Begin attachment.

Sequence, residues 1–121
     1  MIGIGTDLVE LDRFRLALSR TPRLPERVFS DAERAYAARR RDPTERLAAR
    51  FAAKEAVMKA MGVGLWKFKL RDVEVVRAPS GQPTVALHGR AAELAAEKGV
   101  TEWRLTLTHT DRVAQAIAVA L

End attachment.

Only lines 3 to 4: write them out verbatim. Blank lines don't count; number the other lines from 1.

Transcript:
    51  FAAKEAVMKA MGVGLWKFKL RDVEVVRAPS GQPTVALHGR AAELAAEKGV
   101  TEWRLTLTHT DRVAQAIAVA L